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life, that I may be received by Thee at my death to everlasting happiness. Take not, O Lord, thy Holy Spirit from me; deliver me not up to vain fears; but have mercy on me, for the sake of Jesus Christ our Lord. Amen.

O God, who desirest not the death, &c.
O Lord, grant us increase--
O God, -pardon and peace-
O God, who knowest our necessities
Our Father

Sunday, Oct. 18, 1767. YESTERDAY, Oct. 17, at about ten in the

morning, I took my leave for ever of my dear old friend Catharine Chambers, who came to live with my mother about 1724, and has been but little parted from us since. She buried my father, my brother, and my mother. She is now fifty-eight years old.

I desired all to withdraw, then told her

that we were to part for ever; that as Christians, we should part with prayer; and that I would, if she was willing, say a short prayer beside her. She expressed great desire to hear me; and held

up

her poor hands, as she lay in bed, with great fervour, while I prayed kneeling by her, nearly in the following words:

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ALMIGHTY

LMIGHTY and most merciful Father, whose loving-kindness is over all thy works, behold, visit, and relieve this thy servant, who is grieved with sickness. Grant that the sense of her weakness may add strength to her faith, and seriousness to her repentance. And grant, that by the help of thy Holy Spirit, after the pains and labours of this short life, we may all obtain everlasting happiness, through Jesus Christ our Lord; for whose sake hear our prayers. Amen. Our Father, &c.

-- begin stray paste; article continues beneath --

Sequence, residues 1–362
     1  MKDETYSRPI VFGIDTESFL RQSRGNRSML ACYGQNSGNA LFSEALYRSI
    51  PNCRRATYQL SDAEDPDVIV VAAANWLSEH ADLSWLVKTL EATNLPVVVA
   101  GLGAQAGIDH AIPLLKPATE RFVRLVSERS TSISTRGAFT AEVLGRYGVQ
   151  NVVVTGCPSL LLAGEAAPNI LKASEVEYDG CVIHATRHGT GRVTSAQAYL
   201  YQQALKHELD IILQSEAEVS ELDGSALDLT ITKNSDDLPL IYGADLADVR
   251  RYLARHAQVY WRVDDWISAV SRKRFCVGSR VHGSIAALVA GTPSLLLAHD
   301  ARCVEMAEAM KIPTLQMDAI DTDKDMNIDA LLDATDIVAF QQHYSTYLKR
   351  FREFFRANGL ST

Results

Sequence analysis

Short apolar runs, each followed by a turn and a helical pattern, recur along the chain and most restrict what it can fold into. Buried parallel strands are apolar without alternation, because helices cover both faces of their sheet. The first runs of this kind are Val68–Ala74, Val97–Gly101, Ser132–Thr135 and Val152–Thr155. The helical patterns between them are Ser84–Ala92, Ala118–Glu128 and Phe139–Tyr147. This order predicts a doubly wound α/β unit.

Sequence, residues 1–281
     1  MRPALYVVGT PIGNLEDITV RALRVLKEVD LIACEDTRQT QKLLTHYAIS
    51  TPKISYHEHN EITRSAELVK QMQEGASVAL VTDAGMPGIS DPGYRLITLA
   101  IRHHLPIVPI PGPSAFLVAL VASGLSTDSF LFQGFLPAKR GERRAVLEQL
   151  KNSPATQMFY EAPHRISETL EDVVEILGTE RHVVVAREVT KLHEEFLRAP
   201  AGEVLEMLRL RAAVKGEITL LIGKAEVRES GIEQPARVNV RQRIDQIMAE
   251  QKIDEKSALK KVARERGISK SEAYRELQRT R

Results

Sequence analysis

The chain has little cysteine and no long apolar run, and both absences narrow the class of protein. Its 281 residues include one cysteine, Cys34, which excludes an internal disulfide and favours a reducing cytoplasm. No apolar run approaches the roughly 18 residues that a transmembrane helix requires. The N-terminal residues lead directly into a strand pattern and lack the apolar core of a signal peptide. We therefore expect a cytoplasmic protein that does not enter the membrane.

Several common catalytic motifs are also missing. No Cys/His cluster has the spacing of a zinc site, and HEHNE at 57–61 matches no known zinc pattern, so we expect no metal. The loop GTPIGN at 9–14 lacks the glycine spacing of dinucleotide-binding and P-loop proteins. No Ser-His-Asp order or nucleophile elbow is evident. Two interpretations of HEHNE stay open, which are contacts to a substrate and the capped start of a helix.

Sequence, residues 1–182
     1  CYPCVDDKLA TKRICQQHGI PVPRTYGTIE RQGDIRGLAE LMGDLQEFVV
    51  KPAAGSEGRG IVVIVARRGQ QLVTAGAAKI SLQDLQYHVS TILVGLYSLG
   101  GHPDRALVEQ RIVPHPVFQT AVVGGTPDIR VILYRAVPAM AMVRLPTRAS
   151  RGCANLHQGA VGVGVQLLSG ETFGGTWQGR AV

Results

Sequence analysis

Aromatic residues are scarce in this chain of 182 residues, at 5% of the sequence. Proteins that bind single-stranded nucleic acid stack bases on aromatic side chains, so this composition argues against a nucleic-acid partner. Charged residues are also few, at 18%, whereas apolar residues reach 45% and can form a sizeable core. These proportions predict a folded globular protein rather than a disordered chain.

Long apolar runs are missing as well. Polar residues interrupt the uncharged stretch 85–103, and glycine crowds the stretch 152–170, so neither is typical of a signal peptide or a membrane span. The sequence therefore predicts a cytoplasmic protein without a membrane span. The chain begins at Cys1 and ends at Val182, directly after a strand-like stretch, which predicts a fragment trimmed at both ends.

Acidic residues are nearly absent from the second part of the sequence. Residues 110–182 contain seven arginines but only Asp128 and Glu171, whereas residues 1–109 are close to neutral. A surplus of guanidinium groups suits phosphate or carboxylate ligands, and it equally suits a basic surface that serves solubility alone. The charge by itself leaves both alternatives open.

I then kissed her. She told me that to

part was the greatest pain that she had ever felt, and that she hoped we should meet again in a better place. I expressed, with swelled eyes, and great emotion of tenderness, the same hopes. We kissed, and parted. I humbly hope to meet again, and to part no more.

1768.

BED-TIME.

Lent. o. ALMIGHT

LMIGHTY God, who seest that I have no power of myself to help myself; keep me both outwardly in my body, and inwardly in my soul, that I may be defended from all adversities that may happen to the body, and from all evil thoughts which may assault and hurt the soul, through Jesus Christ our Lord. Amen.

This prayer may be said before or after the

entrance into bed, as a preparative for sleep.

When I transcribed this Prayer, it was my

purpose to have made this* book a Collection.

STUDY OF TONGUES.

Almighty God, giver of all knowledge, enable me so to pursue the study of tongues, that I may promote thy glory and my own salvation.

Bless my endeavours, as shall seem best unto Thee; and if it shall please Thee to grant me the attainment of my purpose, preserve me from sinful pride; take not thy Holy Spirit from me, but give me a pure

A Barchment book, containing such of these Prayers

as are marked transcribed.

pure heart and humble mind, through Jesus Christ. Amen.

Of this Prayer there is no date, nor can I

tell when it was written; but I think it was in Gough-square, after the Dictionary was ended. I did not study what I then intended.

Transcribed June 26, 1768.

TOWNMALLING, IN KENT.

of my

Sept. 18, 1768, at Night. I HAVE now begun the sixtieth year

life. How the last year has past, I am unwilling to terrify myself with thinking. This day has been past in great perturbation; I was distracted at church in an uncommon degree, and my distress has had very little intermission. I have found myself somewhat relieved by read

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